Historically, the use of middlemen in the Ukrainian gas market has been tied to the leverage Naftogaz holds over Gazprom’s export capabilities, as well as corruption within the industry. With the gradual opening of Ukraine’s economy and business practices –and with a big push by the incoming government — the creation of a transparent joint venture between Russia’s government-controlled Gazprom and Ukraine’s national energy company, Naftogaz, would serve the interests of both countries. That is, provided that neither side resorts to forms of blackmail while they both adhere to the general guidance provided by a fair market.

Gas explosions in Ukraine

Gas explosion in Dnipropetrovsk - From Ukrainian officials have now raised the death toll to 16 (including five children) in the large gas explosion that decimated a 10-story apartment block in Dnipropetrovsk. The explosion was apparently caused by a pressure surge, and blame has been laid on local gas supplier Dneprogaz for failure to prevent the tragedy by both President Yushchenko and expected future PM Yulia Tymoshenko.

Suspicions of terrorism were roused earlier when reports surfaced of two men in black jackets fiddling with the gas valves. However, these were apparently two Dneprogaz officials who had become aware of “hissing and vibrating” coming from the pipes, and rushed over to tighten the valves. Presumably, this could have led to a subsequent build up of pressure and the resulting explosion, though obviously there were multiple problems with the gas system. These two officials are now being detained in connection with the criminal investigation currently underway that is focusing on negligence on the part of Dneprogaz. Allegedly, residents had called in complaining about the smell of gas before the explosion and were told only to open a window.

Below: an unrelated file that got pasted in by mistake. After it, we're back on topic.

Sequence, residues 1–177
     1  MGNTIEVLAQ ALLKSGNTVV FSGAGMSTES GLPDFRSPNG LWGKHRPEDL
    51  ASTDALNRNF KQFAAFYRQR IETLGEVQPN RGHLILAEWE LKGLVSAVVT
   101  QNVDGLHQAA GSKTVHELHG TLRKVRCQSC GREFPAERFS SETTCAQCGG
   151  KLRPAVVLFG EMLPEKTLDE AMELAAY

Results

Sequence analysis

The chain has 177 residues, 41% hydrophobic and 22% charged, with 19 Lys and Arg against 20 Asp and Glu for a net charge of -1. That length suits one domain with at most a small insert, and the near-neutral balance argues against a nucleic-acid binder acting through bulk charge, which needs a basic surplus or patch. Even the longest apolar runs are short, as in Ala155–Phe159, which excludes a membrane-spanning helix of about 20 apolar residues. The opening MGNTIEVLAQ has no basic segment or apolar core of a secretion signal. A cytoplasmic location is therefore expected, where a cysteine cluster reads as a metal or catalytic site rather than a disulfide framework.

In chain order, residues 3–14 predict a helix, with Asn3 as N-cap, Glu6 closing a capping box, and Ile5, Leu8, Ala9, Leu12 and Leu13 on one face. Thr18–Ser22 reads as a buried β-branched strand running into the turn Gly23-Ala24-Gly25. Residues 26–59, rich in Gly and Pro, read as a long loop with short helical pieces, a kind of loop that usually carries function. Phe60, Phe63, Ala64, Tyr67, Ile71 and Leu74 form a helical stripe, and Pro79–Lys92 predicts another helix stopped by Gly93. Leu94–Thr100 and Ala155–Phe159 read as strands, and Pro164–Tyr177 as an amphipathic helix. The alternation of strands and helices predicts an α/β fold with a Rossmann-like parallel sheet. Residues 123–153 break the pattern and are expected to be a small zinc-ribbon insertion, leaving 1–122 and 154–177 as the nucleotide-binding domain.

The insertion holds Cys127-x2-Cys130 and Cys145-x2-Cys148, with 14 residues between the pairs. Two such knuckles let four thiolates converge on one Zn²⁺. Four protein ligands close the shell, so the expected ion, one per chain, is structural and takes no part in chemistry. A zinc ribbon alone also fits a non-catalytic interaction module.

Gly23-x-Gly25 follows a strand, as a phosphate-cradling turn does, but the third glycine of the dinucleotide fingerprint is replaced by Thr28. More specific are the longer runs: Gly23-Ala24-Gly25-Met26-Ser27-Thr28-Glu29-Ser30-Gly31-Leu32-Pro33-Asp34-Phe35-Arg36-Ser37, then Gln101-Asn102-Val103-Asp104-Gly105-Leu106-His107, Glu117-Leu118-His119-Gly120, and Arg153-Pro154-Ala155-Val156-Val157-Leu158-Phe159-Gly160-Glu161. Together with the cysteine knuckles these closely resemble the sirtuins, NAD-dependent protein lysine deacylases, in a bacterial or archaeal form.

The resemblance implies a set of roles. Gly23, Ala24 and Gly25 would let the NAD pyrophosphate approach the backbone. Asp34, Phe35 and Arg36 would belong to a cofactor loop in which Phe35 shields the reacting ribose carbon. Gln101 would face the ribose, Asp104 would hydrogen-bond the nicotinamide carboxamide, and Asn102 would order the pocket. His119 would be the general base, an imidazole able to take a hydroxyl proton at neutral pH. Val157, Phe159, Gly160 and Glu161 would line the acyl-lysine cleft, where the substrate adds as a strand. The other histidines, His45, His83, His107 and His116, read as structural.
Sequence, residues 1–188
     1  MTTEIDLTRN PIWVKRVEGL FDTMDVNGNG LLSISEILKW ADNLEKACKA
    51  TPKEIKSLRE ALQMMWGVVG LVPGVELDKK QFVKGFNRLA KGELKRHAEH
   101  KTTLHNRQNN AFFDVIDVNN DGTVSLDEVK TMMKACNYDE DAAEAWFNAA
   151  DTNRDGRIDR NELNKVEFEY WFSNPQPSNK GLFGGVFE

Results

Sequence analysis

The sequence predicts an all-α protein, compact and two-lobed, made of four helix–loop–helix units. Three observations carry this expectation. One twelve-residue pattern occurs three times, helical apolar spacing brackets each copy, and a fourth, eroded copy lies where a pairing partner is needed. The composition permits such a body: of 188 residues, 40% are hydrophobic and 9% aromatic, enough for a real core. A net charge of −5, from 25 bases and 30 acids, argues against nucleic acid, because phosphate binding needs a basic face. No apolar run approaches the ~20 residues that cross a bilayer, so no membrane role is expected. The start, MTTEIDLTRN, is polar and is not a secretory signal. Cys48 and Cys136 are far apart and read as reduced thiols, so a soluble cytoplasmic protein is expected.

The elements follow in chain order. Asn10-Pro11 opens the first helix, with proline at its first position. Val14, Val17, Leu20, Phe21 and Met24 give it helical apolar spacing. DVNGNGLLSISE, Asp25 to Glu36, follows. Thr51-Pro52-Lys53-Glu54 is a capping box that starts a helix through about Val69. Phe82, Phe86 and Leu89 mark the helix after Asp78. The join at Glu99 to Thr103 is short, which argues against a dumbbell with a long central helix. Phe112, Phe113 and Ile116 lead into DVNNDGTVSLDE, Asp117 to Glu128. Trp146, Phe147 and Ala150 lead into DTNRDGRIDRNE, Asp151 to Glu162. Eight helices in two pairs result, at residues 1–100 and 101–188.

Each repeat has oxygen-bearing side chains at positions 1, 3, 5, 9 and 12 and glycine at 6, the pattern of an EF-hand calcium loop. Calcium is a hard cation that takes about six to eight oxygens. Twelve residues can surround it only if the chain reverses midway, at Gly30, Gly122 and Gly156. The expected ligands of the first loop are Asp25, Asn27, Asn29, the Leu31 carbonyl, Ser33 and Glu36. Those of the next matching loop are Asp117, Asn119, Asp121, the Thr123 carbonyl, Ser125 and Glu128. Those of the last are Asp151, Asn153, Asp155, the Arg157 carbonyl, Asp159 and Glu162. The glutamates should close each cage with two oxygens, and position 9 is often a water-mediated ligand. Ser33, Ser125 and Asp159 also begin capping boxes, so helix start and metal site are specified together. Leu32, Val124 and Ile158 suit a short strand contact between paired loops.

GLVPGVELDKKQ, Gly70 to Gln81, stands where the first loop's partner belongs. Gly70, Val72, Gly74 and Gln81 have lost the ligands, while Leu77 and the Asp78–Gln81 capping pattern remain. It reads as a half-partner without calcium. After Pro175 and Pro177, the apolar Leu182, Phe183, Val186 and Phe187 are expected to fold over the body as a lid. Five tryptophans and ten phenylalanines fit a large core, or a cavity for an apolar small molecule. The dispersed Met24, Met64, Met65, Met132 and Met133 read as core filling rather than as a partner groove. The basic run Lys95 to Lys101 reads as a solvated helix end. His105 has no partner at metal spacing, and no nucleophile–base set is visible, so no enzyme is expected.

Recovery is expected to cost nearly $2 million, to be covered with a mixture of local and national-level fund. However, $19 million has been allocated in national emergency funds for victim compensation, continued gas supply, and the construction of new homes for those displaced. Rinat Akhmetov, Ukraine’s richest man, has pledged through his charitable foundation “The Development of Ukraine” an additional $2 million in aid money to go to local families affected by the tragedy. President Yushchenko, who has pledged a day’s earnings of him and his secretariat to the relief effort, has declared today as a day of mourning in response to the incident and has called for repercussions: